The authorization allows states ‘acting nationally or through regional organizations, to inspect vessels on the high seas bound to or from Libya, given reasonable grounds to believe that they are in violation of the Council’s arms embargo.’
   A UN arms embargo on Libya has been in force since 2011 but largely ignored by countries in the region and beyond. The flood of arms has fueled a civil war that has intensified since last year between the UN-recognized Government of National Accord (‘GNA’) in Tripoli and the Libyan National Army (‘LNA’) led by renegade general Khalifa Haftar.
   Following May reports that Russia had sent mercenaries and fighter planes to fight for Haftar against GNA forces that are mainly backed by Turkey, the United States has begun to show renewed interest in Libya, warning that arms supplies must stop and the UN embargo respected.
   The European Union has also renewed interest in enforcing the embargo. At the start of April, EU countries launched a maritime mission to inspect vessels at sea to ensure they are not carrying arms or illicit cargo to or from Libya.
   

COM COMMENTARY

 
* Principal Author: Peter Jeydel, Esq., 1-202-429-6291, Steptoe & Johnson LLP
 

   On June 5, 2020, the US Department of the Treasury’s Office of Foreign Assets Control (OFAC)
 
published
 
four new Iran-related frequently asked questions (FAQs) regarding Executive Order (EO) 13902 of January 14, 2020, “Imposing Sanctions with Respect to Additional Sectors of Iran.”


   In relevant part, EO 13902 authorizes sanctions against any person the Secretary of the Treasury, in consultation with the Secretary of State, determines to operate in the construction, mining, manufacturing, or textiles sectors in Iran (and any additional sectors that may in the future be designated by the US government). In addition, EO 13902 authorizes sanctions against any persons or foreign financial institutions engaged in sanctionable activity related to the targeted sectors such as providing material assistance to a blocked person or knowingly engaging in a significant transaction in connection with a targeted sector.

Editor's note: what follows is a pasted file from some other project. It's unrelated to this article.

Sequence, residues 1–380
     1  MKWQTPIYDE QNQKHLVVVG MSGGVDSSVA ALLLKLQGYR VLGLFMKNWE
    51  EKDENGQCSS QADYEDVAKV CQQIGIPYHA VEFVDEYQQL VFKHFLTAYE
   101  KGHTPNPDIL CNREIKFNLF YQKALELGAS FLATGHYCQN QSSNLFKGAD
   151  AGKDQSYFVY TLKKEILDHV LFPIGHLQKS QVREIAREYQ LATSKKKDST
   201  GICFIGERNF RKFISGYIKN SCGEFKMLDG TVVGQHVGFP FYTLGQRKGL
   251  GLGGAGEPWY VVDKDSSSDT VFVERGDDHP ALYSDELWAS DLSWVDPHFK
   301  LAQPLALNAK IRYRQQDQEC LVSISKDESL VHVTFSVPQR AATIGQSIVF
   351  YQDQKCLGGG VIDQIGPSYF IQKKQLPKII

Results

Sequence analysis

These new FAQs from OFAC provide definitions to clarify the scope of these sanctions. (Click here to view FAQ 831, which defines each of the targeted sectors.
 
Click here to view FAQ 832
 
and its broad definition of “significant goods or services.”
 
Click here to view FAQ 833
 
and the guidance it provides on the terms “knowingly” and “significant” for the purposes of EO 13902.)
   While the clarifying guidance provided in the new FAQs is helpful, the most noteworthy aspect of the FAQs are statements that US secondary sanctions under EO 13902 do not apply to certain types of activities in these otherwise targeted sectors in Iran when dealing with the provision of goods or services for humanitarian, hygiene, or safety needs for domestic use within Iran. [FN/1]